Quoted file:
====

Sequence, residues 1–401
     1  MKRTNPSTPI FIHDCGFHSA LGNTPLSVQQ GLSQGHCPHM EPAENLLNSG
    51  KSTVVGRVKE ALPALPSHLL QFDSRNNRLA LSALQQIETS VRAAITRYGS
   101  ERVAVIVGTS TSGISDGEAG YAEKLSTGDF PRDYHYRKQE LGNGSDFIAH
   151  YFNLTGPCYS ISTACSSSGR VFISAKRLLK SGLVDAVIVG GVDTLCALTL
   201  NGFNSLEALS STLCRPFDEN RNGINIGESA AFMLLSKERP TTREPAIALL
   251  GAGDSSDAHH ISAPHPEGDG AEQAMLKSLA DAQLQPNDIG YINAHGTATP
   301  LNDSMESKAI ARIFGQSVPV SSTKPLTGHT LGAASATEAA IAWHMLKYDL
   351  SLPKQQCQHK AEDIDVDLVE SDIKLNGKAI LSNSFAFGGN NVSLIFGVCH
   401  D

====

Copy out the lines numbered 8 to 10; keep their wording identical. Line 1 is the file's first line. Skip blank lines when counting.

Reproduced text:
   301  LNDSMESKAI ARIFGQSVPV SSTKPLTGHT LGAASATEAA IAWHMLKYDL
   351  SLPKQQCQHK AEDIDVDLVE SDIKLNGKAI LSNSFAFGGN NVSLIFGVCH
   401  D